If you want to read about all the examples of proven dishonesty, corruption and repeated attempts either to blame Israel or pull the rug out from underneath it, not to mention actual attempts to get it destroyed, you have only to read one book:
The Secret War against the Jews:
How Western Espionage Betrayed The Jewish People, by John Loftus and Mark Aarons.
As the title proclaims, it deals with the diplomatic battle to attack Jews over a hundred years. We are no longer surprised at the antipathy and hatred towards Jews in Europe. But it is sad to read how far the poison has spread. The book’s frontispiece includes the famous 1992 quote from the Honorable James Baker, US secretary of State, “Fuck the Jews…they won’t vote for us anyway.” This is proof, if proof were needed, that the war against Israel is also a war against those Jews who fight for the preservation of their autonomous religious and cultural traditions.
But everywhere things are constantly changing. Once the Democrats were the main supporters of Israel. Now it’s the Republicans. Once 90% of American Jews voted Democrat. Now it is sliding rapidly down below 60%. Yet surprisingly, under Obama, Israel has received more aid than under any previous American president. And Israel is now on negotiating terms with Saudi Arabia and the Gulf states, and shares their position on Iran. Turkey is renewing diplomatic ties. Russia has good relations with Israel — better certainly than under the Communists, and yet Russia is supporting Assad in cahoots with Iran. Everything is in a state of flux. Clearly, no alliance remains static. No hatred outlives self-interest. Israel must take care of itself, as it always had to. So realpolitik is the order of the day. In contrast, say, to religion, where realpolitik is a sign of its moral corruption.
Now it is a modern convention that spies, no matter how much damage they do, how many deaths they cause, are exchanged (when they are not just liquidated). Last year’s Bridge of Spies, starring Tom Hanks, was based on the real-life swap of Rudolf Abel for Gary Powers. TV series like The Americans revolve round the issue. So why is the American who spied for Israel, Jonathan Pollard, being treated vindictively, out of all proportion to his crimes? After all, he was providing proof to Israel that America was acting against it — refusing to share information that they had agreed to. And delivering documents that caused no loss of life, and endangered no system of espionage or American interests, other than American perfidy.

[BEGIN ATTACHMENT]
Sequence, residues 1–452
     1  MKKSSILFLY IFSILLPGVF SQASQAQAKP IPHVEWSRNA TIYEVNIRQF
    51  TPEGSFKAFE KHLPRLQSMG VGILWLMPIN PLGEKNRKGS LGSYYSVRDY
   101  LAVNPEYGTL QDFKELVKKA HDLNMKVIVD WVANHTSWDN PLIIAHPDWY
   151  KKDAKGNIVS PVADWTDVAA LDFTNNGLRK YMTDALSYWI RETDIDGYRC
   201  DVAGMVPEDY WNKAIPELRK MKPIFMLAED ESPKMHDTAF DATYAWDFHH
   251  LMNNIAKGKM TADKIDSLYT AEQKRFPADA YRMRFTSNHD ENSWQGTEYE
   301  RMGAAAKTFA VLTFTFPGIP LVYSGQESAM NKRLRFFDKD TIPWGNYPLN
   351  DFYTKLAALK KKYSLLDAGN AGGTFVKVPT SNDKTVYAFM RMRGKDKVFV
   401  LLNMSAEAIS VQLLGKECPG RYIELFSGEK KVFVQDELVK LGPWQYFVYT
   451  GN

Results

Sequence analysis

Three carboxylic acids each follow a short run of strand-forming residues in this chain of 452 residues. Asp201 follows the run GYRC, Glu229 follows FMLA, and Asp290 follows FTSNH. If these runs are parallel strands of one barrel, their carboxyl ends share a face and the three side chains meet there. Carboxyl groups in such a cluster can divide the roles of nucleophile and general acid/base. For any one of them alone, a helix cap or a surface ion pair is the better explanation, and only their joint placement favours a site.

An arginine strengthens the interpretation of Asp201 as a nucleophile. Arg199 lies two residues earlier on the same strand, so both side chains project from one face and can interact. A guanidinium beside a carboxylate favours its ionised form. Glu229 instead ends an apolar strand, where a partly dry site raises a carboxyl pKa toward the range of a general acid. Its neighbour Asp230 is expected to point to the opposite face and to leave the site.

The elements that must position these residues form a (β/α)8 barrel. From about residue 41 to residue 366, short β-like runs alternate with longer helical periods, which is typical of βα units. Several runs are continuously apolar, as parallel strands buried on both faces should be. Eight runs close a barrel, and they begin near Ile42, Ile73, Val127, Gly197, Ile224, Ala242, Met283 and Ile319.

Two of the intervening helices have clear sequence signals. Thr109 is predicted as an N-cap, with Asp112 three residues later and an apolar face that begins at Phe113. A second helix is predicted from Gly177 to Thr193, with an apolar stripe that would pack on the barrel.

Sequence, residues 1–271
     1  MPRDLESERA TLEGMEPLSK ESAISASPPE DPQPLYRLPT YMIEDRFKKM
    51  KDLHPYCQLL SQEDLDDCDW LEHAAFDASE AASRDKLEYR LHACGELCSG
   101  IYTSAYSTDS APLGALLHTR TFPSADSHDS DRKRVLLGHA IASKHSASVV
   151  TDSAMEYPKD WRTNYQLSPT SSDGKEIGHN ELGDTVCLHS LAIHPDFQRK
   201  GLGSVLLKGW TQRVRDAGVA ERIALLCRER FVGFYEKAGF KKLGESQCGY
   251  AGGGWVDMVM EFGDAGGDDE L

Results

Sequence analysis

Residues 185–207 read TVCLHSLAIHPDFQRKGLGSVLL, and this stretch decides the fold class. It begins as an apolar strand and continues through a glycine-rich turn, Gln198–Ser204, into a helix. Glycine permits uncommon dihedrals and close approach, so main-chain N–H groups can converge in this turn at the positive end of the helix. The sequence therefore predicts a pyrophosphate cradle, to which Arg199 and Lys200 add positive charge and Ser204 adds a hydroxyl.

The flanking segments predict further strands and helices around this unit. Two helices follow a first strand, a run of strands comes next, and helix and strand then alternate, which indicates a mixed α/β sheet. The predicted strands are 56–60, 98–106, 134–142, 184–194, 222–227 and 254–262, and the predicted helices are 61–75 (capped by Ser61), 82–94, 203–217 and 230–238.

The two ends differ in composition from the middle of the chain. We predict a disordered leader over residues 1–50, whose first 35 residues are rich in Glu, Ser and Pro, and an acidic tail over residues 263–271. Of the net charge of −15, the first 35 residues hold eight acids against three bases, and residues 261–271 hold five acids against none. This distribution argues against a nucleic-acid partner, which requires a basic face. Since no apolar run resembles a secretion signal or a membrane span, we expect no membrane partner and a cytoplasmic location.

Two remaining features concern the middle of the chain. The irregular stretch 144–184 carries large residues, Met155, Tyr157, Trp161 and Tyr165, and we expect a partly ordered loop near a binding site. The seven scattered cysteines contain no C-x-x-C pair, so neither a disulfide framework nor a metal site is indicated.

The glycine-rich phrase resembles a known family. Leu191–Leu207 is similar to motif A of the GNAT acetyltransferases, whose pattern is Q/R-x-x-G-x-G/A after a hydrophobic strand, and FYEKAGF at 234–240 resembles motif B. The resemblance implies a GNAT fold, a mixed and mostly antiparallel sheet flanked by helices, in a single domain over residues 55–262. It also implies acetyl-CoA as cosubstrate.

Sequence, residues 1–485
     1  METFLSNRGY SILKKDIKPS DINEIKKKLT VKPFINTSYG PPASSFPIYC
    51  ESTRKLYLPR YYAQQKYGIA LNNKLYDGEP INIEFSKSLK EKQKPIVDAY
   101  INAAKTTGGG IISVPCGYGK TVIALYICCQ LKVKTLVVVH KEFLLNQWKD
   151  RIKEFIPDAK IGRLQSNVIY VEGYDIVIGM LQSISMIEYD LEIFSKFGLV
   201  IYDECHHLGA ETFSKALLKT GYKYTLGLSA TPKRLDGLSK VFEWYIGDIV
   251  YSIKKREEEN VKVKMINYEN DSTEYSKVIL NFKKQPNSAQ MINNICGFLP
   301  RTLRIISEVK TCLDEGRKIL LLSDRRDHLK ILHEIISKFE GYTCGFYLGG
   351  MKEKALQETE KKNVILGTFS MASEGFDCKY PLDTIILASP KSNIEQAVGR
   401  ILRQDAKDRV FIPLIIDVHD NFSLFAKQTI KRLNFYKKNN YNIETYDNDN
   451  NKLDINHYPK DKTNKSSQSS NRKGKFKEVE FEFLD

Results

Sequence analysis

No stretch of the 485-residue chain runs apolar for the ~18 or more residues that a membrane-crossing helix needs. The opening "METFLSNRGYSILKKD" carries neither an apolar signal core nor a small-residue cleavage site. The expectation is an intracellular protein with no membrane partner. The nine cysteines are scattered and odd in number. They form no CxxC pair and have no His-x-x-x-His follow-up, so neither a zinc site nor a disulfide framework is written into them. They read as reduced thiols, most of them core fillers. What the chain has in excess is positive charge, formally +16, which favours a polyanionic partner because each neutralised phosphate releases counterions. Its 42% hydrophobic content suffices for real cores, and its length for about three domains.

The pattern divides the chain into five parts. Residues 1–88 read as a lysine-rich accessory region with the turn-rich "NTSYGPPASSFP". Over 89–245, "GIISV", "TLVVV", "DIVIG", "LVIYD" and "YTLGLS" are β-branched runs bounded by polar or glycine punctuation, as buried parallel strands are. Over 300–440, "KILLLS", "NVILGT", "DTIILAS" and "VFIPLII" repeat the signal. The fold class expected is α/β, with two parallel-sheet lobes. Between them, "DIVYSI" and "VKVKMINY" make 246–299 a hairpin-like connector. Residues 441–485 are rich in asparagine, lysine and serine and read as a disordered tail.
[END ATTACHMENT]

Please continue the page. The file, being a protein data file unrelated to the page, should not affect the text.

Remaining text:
Yes, he was a spy. Yes, he betrayed America, and yes, he volunteered rather than being recruited. Israel itself correctly insisted that he had not been recruited as a spy, and indeed he was never employed by Mossad. Anyway, Israel thought him unreliable and had better sources of its own. Yet over the years they came round to reluctantly accept that he had acted in order to help the state and granted him citizenship. Why did Caspar Weinberger, of Jewish origin on one side, go to such an extent to vilify him, lying about the damage he did? Why did two Jewish judges, Bader Ginsburg and Silberman, refuse an appeal, when the only non-Jewish judge argued strongly for a miscarriage of justice? What does it say about their insecurity? We Jews are our own worst enemies. Interestingly, the authors only refer in passing to Pollard as a small incidental cog in the Iran-Contra scandal.
Why is everyone so obsessed with Israeli espionage? I suggest it’s a reaction against Mossad, which has a fearsome and often exaggerated reputation. It has as many failures to its credit as successes. But just as once a czarist forgery, The Protocols of the Elders of Zion, purported to explain the myth of how and why the Jews controlled the world, now the Mossad crops up everywhere from Hollywood to Bernie Sanders as the evil force that is secretly subverting and subjugating the rest of the world — when, in fact, it is only helping Israel survive against all the odds, including threats from its supposed allies. As the great Hillel said two thousand years ago, “If I am not for me, who will be?” But of course we should also remember that he went to say, “But if I am ONLY for me, what am I?”
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